I’m all for well-rounded fitness, but I believe there’s a time and place for training that is higher-risk compared to more traditional modalities.
When the goal is conditioning and cardiovascular fitness, plyometric training isn’t always a suitable option for the general population.
How Does It Work?
Plyometric training has one purpose, which is to increase force output by taking advantage of the stretch-shortening cycle of muscles.
In short, elastic energy is stored within a muscle during the eccentric phase of a movement.
If the transition from eccentric to concentric phases is quick enough (a period known as the amortization phase), then the stored energy will increase muscle activation and, in turn, power production.
Why Box Jumps Aren’t a Conditioning Tool
Jumping up and down from a box for high-repetition sets may seem like a viable idea for increasing heart rate while achieving some kind of lower body training effect.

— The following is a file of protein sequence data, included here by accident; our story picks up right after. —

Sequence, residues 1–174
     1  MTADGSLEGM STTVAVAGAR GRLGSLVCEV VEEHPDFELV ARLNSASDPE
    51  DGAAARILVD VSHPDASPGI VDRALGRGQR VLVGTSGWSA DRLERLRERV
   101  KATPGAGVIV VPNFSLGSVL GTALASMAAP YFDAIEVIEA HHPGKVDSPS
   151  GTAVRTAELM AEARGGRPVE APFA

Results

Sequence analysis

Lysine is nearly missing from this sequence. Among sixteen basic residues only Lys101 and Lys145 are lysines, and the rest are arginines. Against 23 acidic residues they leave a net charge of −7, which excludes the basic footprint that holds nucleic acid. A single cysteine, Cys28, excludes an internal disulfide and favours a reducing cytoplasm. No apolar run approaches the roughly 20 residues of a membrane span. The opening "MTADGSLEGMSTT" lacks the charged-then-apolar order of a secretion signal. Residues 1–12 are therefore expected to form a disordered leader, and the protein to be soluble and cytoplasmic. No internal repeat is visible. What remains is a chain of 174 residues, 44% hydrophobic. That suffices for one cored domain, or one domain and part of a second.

In a conditioning scenario, not only is the box jump as a tool being entirely misapplied, but there is often little care for its execution. What you end up seeing is lots of failed attempts, bruised legs, knee valgus, pronated feet, and overly inflated egos using boxes that are way too high for their level of athleticism.
The box jump should resemble a quarter squat, at its onset but also in its landing position. If you cannot land in the exact same position you started with, with the knees lower than the hips, you either need to reevaluate your technique or consider using a box of lower height.